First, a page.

An immediate assessment of the minimal ablative margin (MAM) can be used as an intraprocedural tool to evaluate the treatment success in patients treated with stereotactic RFA. A MAM > 5 mm has to be achieved to consider an ablation as successful.

Key Points

• An intraoperatively measured minimal ablative margin (MAM) > 5 mm correlates with complete remission.

• MAM is the only significant independent predictor of LTP (OR = 0.7, 95% CI 0.5–0.98, p = 0.036) after stereotactic RFA of hepatocellular carcinoma.

• Image fusion using commercially available rigid imaging registration software is possible, even though considerably complex. Therefore, improved (semi-)automatic fusion software is highly desirable.

Introduction

In recent years, radiofrequency ablation (RFA) has emerged as a first-line curative treatment approach for patients with small hepatocellular carcinoma (HCC) lesions [1,2,3,4]. The 2018 American Association for the Study of Liver Diseases (AASLD) guideline considers RFA and surgical resection as equal treatment options for single tumors < 2.5 cm [5]. Major complications after RFA are rare and treatment-associated mortality is extremely low [6,7,8,9,10,11].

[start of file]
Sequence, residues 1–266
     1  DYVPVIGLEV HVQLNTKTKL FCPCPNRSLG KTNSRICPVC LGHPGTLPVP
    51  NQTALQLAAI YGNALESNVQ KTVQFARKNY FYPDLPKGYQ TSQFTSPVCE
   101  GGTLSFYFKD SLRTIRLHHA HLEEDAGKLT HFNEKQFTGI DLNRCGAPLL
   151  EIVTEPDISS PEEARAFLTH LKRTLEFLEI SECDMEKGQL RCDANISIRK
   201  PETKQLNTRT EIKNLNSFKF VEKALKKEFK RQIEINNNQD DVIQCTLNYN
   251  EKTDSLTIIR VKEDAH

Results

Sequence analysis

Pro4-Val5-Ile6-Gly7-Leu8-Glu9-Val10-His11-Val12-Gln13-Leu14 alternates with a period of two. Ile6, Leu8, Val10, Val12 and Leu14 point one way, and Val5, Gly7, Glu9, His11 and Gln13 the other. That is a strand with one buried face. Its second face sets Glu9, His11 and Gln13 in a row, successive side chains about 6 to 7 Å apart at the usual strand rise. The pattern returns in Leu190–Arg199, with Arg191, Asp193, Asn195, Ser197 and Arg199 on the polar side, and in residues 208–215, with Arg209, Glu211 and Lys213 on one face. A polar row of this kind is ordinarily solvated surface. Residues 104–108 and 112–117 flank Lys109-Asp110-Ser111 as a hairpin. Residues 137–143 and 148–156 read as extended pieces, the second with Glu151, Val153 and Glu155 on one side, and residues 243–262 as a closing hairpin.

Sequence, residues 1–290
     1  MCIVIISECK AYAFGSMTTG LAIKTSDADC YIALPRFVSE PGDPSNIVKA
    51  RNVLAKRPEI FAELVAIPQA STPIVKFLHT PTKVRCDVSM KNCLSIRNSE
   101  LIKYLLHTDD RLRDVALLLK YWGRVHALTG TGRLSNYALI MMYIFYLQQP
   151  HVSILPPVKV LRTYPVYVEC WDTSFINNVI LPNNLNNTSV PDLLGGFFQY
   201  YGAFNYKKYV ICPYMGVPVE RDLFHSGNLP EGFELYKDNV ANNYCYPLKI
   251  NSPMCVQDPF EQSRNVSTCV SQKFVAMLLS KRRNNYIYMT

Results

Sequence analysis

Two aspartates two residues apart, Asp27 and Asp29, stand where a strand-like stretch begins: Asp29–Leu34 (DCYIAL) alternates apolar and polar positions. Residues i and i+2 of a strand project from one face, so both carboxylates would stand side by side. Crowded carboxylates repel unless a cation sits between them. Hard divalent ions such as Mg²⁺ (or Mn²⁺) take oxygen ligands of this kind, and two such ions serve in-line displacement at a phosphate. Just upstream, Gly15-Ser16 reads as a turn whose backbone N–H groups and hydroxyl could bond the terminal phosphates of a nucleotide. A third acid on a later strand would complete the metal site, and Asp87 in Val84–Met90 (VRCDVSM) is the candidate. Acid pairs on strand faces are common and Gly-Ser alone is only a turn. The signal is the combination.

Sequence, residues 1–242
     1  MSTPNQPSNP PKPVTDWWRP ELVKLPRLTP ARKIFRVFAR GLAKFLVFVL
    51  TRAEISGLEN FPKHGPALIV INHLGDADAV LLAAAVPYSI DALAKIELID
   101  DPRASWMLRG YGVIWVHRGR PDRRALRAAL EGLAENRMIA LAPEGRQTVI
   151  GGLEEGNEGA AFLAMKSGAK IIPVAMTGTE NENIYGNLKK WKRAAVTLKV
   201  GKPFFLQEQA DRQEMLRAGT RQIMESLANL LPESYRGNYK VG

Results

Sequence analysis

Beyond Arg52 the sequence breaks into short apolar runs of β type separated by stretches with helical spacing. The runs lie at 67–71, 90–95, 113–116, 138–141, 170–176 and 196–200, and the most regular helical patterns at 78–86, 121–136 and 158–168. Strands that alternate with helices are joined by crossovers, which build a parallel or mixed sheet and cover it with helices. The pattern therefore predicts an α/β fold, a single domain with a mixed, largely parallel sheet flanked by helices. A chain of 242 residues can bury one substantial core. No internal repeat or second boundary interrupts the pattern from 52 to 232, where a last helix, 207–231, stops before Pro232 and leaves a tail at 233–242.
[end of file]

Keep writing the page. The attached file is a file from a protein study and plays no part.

Technical limitations of the conventional computed tomography (CT)– or US-guided techniques can be overcome by multiple-needle approaches using 3D treatment planning and stereotactic needle placement (termed “stereotactic RFA” or “SRFA”) [12,13,14,15,16,17,18,19,20].